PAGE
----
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Another RAID failure thread. 3 of 4 RAID drives OK but array is FAILED

Last response: in Storage
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September 5, 2008 1:39:54 PM

I am using an ASUS P5Q-Pro motherboard with the ICH10R chipset and 4 320GB hard drives in RAID 5. After an issue with a faulty partially connecting modular power supply connector which fed all the hard drives, I'm left with 3 OK drives but the array showing FAILED. All hard drives are physically working 100%.

This is what the Matrix storage manager said before the incident.

Array 001 (RAID 5), NORMAL
Port 5 Drive 4 NORMAL
Port 4 Drive 3 NORMAL
Port 3 Drive 2 NORMAL
Port 2 Drive 1 NORMAL
Non-RAID Drives
Port 0 Non-RAID (boot drive not part of array)

After:

Array 001 (RAID 5) FAILED
Port 5 Drive 4 NORMAL
Port 4 Drive 3 NORMAL
Port 3 Drive 2 NORMAL
Missing
Non-RAID Drives
Port 2 Drive 1 OFFLINE (listed as member of Array 001 but OFFLINE)
Port 0 Non-RAID (boot drive not part of array)

Considering 3 of 4 drives are listed NORMAL array members, the array should be DEGRADED not FAILED.

Following some internet forum advice for a similar situation I removed Drive 1 from the array in the hope of changing FAILED to DEGRADED to let me salvage data off it but instead I now get

Array 001 (RAID 5) FAILED
Port 5 Drive 4 NORMAL
Port 4 Drive 3 NORMAL
Port 3 Drive 2 NORMAL
Missing
Non-RAID Drives
Port 2 Non-RAID (not OFFLINE but not part of array)
Port 0 Non-RAID (boot drive not part of array)

Stubbornly, the array is still listed as FAILED.

Notes: There was no option to mark Drive 1 OK after it came up as OFFLINE. The entry Missing contains no information. As at September 14, the latest 1304 motherbord BIOS is installed and most recent Matrix drivers/utility is being used. Data should be OK as the drive was not being written to when the power supply issue struck. It would appear the RAID array's meta-data is corrupt in some way.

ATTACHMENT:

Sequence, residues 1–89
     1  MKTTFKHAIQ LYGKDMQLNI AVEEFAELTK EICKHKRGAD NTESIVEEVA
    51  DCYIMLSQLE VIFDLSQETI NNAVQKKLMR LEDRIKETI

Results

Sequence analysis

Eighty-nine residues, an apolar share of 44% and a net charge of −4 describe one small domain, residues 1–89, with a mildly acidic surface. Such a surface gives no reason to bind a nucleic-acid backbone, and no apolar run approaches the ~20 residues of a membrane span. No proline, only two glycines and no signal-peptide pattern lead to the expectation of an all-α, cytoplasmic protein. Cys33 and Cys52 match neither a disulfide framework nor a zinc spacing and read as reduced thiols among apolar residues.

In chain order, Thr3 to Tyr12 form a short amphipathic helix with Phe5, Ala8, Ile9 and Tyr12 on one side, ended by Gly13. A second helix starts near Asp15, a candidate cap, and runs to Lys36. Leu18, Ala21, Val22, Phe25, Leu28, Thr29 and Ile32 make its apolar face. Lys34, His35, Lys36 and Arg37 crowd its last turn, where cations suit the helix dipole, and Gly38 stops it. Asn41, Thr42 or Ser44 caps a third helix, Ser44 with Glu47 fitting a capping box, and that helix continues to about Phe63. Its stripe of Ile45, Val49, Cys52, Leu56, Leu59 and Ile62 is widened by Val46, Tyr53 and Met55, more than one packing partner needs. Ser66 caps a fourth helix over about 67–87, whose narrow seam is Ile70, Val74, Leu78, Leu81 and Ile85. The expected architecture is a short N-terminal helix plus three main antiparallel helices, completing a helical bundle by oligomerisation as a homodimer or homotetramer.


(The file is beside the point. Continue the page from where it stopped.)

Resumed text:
Is there a way to force Array 1 to DEGRADED status using the 3 of 4 array drives marked NORMAL? Is there any other way to access data on the array or rebuild it?
September 6, 2008 5:38:27 AM

It sounds like you lost power to the drives long enough for the controller to mark the array as failed. With most RAID arrays there is a timestamp on the drives you always want that timestamp to be the same on all drive in the array. If 1 drive has a different timestamp then that drive would be offline, or missing, or not part of the array or some other message depending on the controller. With RAID 5 you can have 1 drive go offline and not lose the array. If you have multiple drives go offline then you may or may not get the data back. (more on that in a sec) With RAID arrays you also have metadata that is stored on each drive,which is the information that tells the controller all about the array such as level and status, as well as the actual data (the stuff you want back). So right now it is possible that your metadata is telling your controller that the array is failed. If you lost power to all drives and your timestamp is the same on all drives or at least 3 of them then your data may still be there and easily recoverd. In this case you would need to re-create the array EXACTLY as it was before and DO NOT initialize the array. Not all controllers will let you do this but most will.

So if your issue was that all drives lost power and at the same time, the controller marked the array as failed and the timestams on the drives are actually the same then all you may need to restore is the metadata. You do this by recreating the array and not initializing. The initialization it what will wipe the actual data. The re-setting up of the array will only re-create the metadata. This is why its important to make sure you set up the array EXACTLY as it was before, so the metadata is as it was before.

If however you lost different drives at different times and there is different time stamps on the drives chances are that the data is not the same either. In this case you would have a much harder time recovering data. In fact even if it were just slightly off you may very well recover the array and try to boot windows and it will come up wanting to run check disk and if you let it run you will see a TON of orphaned filed and its not likely that windows would even boot and if it did you would lose alot of data.

Hope this helps you.

Also it goes without saying that you try this at your own risk.
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